For now – and feeding into populist sentiment – we have to rely on political outsiders to act as an opposition.  Just as footballer Marcus Radford led the charge against the government over child food poverty during the pandemic, it is “money saving expert” Martin Lewis who has emerged as the official opposition on the energy crisis.  In addition to – quite correctly – referring to the energy regulator Ofgem as “a fucking disgrace!” Lewis has made the far more practical call for a big reduction in the standing charge for electricity and gas – the amount every household pays just for the connection to the Grid:

“He… departed the meeting, stating ‘at least get rid of the outrageous charges on the standing charge’ as ‘even if you cut all your usage because you’re desperate, the standing charge is so expensive you’re still paying a huge amount of money for gas and electricity, even if you’re not using it.’”

Under Ofgem’s most recent change to the energy cap, the average daily standing charge for electricity has risen to £0.45 per day and gas has risen to £0.27 per day.  That is a combined charge of £262.80 per year – i.e., greater than either Starmer’s £115 windfall tax or Sunak’s £150 council tax rebate combined.  Of course, even if the entire standing charge was abolished, we wouldn’t save the entire £262.80 because the cost of operating the Grid would then have to be added to the unit cost of electricity and gas (Although the various “green” subsidies to the energy companies could at least be paid out of general taxation, and now that the UK is out of the EU, the five percent VAT could be removed).  But ditching the standing charge would mean that those households which consumed the most would also contribute the most to maintaining the supply.

Even reforming or removing the standing charge on energy though, is mere tinkering in comparison to the scale of the energy crisis.  As I predicted five years ago:

“The energy cap will end up upsetting everyone and solving nothing.  This is because, while the failed quasi-market arrangements are an irritant, they are not the true cause of the problem.  The same arrangements were in place prior to 2008; when complaints about overcharging and switching supplier were limited to the affluent classes.  It isn’t the system that has changed; it is the broader operating environment…

When the electricity system was privatised in 1990, billing issues were not seen as a problem.  Britain was awash with cheap North Sea oil and (especially) gas which could be used to generate cheap energy; backed-up by the legacy fleet of coal and nuclear power stations.  It was also in the optimistic take-off phase (financial deregulation had occurred just four years previously) of the unsustainable credit bubble that crashed in 2008.  The credit boom drove up house prices and flooded the UK with a massive injection of new purchasing power.  It seemed like we had entered a new era of cheap energy and rising living standards.  Fast forward to 2017 and access to cheap credit has all but dried up for ordinary households.  Meanwhile the cheap and abundant oil and gas has gone and the coal and nuclear power stations have been retired.  With every day that passes, the UK is becoming more dependent upon far more expensive renewables, nuclear and imported gas.  Energy bills are getting harder to pay… There is also an imperative to prevent the likely company failures that will result from a combination of rising energy costs and falling living standards.  In another sector just days ago, a British airline company left thousands of people stranded around Europe when it filed for insolvency.  That is how private companies crash; suddenly and without prior warning.  We simply cannot risk energy companies crashing in a similar fashion.  By bringing energy beneath a public umbrella, we can provide the best guarantee that we have (the state’s ability to print currency) to keep the system running.”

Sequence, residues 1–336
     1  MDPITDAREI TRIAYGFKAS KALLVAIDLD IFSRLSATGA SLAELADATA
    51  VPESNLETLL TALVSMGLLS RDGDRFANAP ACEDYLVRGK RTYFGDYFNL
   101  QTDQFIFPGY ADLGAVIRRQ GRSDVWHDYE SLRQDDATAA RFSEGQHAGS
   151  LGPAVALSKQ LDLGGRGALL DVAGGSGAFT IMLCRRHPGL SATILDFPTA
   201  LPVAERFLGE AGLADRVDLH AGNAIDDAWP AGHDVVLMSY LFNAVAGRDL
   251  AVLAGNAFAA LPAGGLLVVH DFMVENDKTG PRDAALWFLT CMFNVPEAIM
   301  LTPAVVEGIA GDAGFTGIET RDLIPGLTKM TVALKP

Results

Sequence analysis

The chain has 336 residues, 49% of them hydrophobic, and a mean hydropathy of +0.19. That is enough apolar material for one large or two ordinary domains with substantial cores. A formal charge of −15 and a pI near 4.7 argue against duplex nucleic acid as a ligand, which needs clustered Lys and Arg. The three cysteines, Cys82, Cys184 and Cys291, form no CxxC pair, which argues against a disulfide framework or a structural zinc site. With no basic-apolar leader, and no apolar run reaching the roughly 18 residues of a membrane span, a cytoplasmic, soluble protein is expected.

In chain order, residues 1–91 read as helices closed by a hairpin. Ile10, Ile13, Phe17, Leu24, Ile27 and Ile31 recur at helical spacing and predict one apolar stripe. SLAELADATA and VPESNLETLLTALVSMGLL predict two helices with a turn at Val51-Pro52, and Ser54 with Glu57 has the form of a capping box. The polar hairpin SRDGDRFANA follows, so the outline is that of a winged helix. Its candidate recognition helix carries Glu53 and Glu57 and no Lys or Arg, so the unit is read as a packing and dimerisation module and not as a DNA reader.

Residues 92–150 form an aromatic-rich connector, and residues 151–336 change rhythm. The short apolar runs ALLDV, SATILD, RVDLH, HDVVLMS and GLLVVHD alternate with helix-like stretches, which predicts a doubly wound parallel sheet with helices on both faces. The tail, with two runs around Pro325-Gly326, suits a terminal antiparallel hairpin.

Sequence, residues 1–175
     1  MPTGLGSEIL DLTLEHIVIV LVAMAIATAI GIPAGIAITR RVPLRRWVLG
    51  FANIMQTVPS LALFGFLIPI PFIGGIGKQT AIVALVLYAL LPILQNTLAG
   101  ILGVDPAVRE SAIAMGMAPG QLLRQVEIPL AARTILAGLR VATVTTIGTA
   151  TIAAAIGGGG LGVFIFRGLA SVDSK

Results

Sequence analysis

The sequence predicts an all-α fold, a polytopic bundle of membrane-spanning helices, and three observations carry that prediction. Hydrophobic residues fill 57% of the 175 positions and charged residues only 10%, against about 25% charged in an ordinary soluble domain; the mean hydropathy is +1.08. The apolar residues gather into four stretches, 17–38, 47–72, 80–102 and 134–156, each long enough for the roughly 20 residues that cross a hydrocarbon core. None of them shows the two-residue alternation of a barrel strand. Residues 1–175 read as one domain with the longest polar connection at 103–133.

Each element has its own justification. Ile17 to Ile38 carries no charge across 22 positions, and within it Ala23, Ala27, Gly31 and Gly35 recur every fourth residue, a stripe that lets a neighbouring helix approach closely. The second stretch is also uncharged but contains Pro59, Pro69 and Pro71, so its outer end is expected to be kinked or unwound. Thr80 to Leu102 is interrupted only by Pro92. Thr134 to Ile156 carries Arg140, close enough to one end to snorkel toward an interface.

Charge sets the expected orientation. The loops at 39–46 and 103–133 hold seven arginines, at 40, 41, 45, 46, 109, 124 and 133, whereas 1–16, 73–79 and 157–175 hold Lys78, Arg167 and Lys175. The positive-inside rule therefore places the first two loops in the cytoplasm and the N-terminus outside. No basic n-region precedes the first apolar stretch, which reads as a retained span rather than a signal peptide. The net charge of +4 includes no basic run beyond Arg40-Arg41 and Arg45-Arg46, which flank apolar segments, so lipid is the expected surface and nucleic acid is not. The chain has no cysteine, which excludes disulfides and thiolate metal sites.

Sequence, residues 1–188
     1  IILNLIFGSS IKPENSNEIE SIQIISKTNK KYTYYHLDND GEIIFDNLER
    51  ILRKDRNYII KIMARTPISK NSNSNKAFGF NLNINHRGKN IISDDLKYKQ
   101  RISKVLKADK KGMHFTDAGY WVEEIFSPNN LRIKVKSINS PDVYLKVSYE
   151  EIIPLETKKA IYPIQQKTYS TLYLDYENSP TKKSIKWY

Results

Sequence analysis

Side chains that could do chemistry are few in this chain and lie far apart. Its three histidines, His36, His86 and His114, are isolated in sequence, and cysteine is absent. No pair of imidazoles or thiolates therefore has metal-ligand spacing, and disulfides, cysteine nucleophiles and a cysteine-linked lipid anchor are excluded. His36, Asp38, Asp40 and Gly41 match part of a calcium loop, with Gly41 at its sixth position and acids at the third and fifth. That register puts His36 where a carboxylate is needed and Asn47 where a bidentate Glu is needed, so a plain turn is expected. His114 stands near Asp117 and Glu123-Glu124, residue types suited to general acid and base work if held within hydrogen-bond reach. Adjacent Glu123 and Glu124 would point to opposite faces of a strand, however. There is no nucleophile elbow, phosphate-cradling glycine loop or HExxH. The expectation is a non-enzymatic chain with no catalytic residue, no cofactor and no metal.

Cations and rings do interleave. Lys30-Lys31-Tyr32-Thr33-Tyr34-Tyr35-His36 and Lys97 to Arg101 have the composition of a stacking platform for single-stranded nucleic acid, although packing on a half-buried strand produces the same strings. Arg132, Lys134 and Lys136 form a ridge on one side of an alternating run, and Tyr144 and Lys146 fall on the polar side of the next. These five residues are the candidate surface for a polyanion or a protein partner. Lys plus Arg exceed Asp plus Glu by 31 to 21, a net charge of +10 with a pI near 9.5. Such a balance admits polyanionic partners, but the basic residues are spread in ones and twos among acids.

Now is the time for a radical break from neoliberal dogma if we are to prevent the energy crisis morphing into full-blown economic and political chaos:

“Because of the graft in the system (in which customers are forced to subsidise investors, and the true cost of various forms of generation are hidden) we desperately need to bring everything back under one roof.  Whether this is done as an entirely public enterprise (recreating the old Central Electricity Generating Board) or as some kind of public/private partnership is of lesser importance.  What matters is that cost is made transparent and investment decisions are rational.  Because if – as seems to be the case – renewables like wind and solar can only operate with gas, coal and nuclear baseload, or hugely expensive storage, then we all need to know that and to make our decisions accordingly.  In an energy-scarce environment, we must get the best possible energy return on investment.”